BASF, Toray ally in resin
BASF and Toray Industries are joining to build a 60,000-metric-ton-per-year polybutylene terephthalate resin plant at BASF's site in Kuantan, Malaysia, by 2006. The plant, to be based on Toray technology, will use butanediol feedstock that BASF makes there. The 50–50 production alliance follows a trend in engineering plastics of building joint-venture plants for virgin resins that are compounded and sold separately by the partners. Last year, DuPont and Bayer opened an 80,000-ton PBT facility in Hamm-Uentrop, Germany. DSM and Ticona are planning a PBT plant in Europe.
Fortron expands PPS capacity
Fortron Industries, a joint venture between Kureha Chemical Industry and Celanese's Ticona unit, will install a new process aimed at speeding throughput at its Wilmington, N.C., polyphenylene sulfide plant, leading to a 25% boost in capacity when the project is completed by the end of 2005. The joint venture is also studying building a new plant within the next five years.
Diversa signs with Fermic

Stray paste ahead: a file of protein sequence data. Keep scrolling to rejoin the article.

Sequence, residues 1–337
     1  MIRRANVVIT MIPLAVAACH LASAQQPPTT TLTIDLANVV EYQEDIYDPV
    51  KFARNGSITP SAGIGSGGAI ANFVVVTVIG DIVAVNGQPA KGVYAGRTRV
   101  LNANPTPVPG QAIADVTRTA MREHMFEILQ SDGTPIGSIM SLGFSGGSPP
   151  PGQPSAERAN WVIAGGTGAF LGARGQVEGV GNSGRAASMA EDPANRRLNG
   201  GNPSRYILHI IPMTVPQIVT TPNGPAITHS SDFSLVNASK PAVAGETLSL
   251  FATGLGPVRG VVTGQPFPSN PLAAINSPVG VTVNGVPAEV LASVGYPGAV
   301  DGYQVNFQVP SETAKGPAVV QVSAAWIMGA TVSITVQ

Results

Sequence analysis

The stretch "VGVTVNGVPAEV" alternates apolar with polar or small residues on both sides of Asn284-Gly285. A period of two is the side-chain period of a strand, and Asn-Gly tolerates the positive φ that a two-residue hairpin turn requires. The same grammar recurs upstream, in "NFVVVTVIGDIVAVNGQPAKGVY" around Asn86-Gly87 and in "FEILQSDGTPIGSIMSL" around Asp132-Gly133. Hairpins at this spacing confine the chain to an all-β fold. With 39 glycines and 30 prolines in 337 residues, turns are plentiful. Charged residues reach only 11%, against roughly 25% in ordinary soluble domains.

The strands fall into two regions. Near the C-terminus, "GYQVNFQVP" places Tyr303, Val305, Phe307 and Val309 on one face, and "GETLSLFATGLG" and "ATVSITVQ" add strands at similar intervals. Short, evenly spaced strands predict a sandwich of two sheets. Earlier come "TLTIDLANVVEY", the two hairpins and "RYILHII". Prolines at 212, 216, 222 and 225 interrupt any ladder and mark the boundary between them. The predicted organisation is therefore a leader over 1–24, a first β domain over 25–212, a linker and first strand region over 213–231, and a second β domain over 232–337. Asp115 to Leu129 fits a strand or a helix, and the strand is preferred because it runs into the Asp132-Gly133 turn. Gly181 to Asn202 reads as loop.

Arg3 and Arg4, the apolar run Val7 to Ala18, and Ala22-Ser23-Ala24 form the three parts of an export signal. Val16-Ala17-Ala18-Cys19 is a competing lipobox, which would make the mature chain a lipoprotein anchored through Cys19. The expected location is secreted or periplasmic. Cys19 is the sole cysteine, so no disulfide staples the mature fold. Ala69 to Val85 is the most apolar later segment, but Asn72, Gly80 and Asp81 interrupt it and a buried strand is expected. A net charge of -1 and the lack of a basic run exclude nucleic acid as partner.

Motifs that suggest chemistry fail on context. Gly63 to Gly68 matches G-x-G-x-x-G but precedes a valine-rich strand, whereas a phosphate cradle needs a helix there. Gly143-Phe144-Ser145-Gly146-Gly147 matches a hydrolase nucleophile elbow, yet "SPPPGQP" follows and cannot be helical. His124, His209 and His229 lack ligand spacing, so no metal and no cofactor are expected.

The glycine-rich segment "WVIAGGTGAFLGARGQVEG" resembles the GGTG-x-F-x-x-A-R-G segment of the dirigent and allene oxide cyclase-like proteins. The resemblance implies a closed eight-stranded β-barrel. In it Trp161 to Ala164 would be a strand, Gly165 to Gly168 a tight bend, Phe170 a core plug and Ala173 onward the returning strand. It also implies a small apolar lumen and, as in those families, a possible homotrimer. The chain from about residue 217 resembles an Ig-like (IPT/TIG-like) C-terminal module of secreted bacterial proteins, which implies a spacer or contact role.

Diversa has signed a long-term contract with Fermic, operator of an FDA-approved fermentation and synthesis facility outside Mexico City, that will provide enzyme capacity for Diversa and its partners. Diversa says the deal will increase its available capacity to a level sufficient for making enzymes worth $100 million per year. The two firms have worked together since 2002, with Fermic providing Diversa capacity to make phytase enzymes for partnerships with Danisco and Syngenta.
Eastman exec heads venture-capital group
The National Venture Capital Association has formed a subgroup for corporate investors--the corporate venture group (CVG)--to help accelerate innovation and growth through successful strategic venturing. Mark Klopp, managing director of Eastman Chemical's Eastman Ventures unit, has been elected chairman of the CVG advisory board. Eastman Ventures was formed in 1999 to provide a new avenue for growth and innovation at the company.